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The Omicron coronavirus variant (B.1.1.529) has resulted in an astonishing increase in COVID-19 cases with a greater than 100% increase over the last 7 days. In less than a month, it has gone from being undetectable to accounting for approximately 75% of all cases nationally. The same trend is being observed locally by the UW Medicine Virology Lab.

Although we have fortunately not seen a dramatic increase in hospitalizations at UW Medicine so far, this extremely high rate of transmission is cause for great concern and will require increased vigilance to keep our providers, staff, and patients safe. We know what works: vaccination and boosters, physical distancing, ventilation and filtration, and staying home and getting tested with any symptoms. The one other tool we have is masking. Over the last two years, we have grown comfortable with universal masking in our day-to-day lives in the community and at work, adding yet another layer of safety, especially when everyone in an encounter is masked.

Given the rapid spread of Omicron and potential improvements in our mitigation layers, the UW Medicine Employee Health and Infection Prevention & Control teams are asking everyone to “level up” their masks. What does this mean?

  • If you can wear a fit-tested N95 respirator while at work, you are encouraged to do so. This is especially important in congregate spaces like emergency departments where people’s COVID-19 status may be unknown. The Supply Chain team is working on stocking the different types of N95s to clinics and units. We recognize that these respirators can be very hard to wear for some people, especially for longer periods of time, but laboratory studies support their superior ability to block aerosol transmission in both directions (transmission and acquisition). You can wear a non-fit tested N95 if it is more comfortable and if a respirator is not required for a specific patient or unit.
  • If you prefer using your own higher-level mask at work, such as a KN95 or KF94, you may do so. Please wear a UW Medicine medical/surgical mask over your own mask to ensure you are protected from splashes.
  • If neither of the above options works for you, consider doubling up your medical mask or taking other steps to ensure a good fit, such as “knotting and tucking.”
  • All patients should be masked when a healthcare worker or visitor is present unless there is a medical reason not to be. Public Health – Seattle & King County just published some additional, very helpful masking guidance that you can read here. We are working with Supply Chain to obtain other types of masks and respirators that may work better for some people. If we detect an increase in cases among healthcare workers linked to specific types of respiratory protection, we will act quickly and accordingly to different recommendations.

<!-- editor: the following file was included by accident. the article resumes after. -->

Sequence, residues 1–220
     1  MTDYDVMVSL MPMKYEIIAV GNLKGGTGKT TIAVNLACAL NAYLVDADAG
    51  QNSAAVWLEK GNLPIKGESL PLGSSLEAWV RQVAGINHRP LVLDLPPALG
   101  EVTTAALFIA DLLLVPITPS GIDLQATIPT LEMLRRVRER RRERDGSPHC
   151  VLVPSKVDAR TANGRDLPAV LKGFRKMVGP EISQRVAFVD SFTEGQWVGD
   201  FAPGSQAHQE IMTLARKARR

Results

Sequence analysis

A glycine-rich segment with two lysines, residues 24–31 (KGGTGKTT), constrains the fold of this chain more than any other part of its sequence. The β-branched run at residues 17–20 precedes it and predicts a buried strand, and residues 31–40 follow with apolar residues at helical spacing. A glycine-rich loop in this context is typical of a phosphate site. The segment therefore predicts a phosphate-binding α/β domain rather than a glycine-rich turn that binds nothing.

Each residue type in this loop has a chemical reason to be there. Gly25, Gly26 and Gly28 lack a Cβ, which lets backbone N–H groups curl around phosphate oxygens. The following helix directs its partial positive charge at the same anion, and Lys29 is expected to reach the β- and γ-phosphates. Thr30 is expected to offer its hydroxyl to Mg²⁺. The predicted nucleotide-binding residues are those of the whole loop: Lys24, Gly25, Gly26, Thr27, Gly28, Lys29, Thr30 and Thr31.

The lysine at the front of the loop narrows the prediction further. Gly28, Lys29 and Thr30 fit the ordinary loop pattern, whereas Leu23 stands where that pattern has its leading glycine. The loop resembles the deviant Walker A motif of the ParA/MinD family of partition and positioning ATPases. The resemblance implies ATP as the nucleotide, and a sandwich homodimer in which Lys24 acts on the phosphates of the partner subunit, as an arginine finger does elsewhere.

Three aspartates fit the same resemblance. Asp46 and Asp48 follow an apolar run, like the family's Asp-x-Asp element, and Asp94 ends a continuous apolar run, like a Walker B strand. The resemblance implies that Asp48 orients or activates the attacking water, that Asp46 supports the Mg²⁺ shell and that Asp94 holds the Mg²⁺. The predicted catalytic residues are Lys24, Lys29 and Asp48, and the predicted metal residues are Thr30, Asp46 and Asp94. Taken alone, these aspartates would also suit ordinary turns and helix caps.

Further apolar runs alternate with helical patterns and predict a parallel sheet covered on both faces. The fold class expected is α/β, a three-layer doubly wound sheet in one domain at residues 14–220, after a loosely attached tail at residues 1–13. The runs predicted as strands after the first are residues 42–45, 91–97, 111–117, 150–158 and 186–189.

In addition to these new masking recommendations at work, I encourage you to observe as many precautions as possible in the community. Please limit your exposure to people whose vaccination status is unknown and wear a well-fitting mask in all public settings when physical distancing cannot be maintained. If you or a member of your household develop symptoms, please get tested as soon as possible. We are working on improving access to testing for employees and your families and will update you.

The risk of exposure to Omicron also makes it more important than ever to get a COVID-19 booster if you are eligible. All people over age 16 who completed their Pfizer or Moderna vaccine series more than six months ago or who received a Johnson & Johnson vaccine more than two months ago should get a booster shot. You may sign up for a booster dose at

Finally, while initial reports still indicate that a full series of vaccinations and boosters limits the risk of serious illness from Omicron, even mild cases of COVID-19 pose risks for our health system by forcing us to stay at home. Especially at this time of constraints on hospital capacity, we need to take every precaution possible to stay healthy.

Although this is not the news I hoped to share this week, I believe that we can still safely connect with our loved ones for the holidays when we are vaccinated, boosted and careful. A colleague of mine, Dr. Audrey Young, recently shared with me a philosophical perspective on the idea of optimism. Optimism is not simply a happy emotion or hoping for a good outcome. It is the belief that a good outcome is likely because we are prepared to make that outcome happen. I believe that we have prepared and continue to prepare for a good outcome to the ongoing challenge of the pandemic. I remain optimistic.

Thank you once again for rising to each new challenge of the COVID-19 pandemic!


John Lynch, MD, MPH
Medical Director, Infection Prevention & Control
Associate Medical Director, Harborview Medical Center
Division of Allergy & Infectious Diseases, UW School of Medicine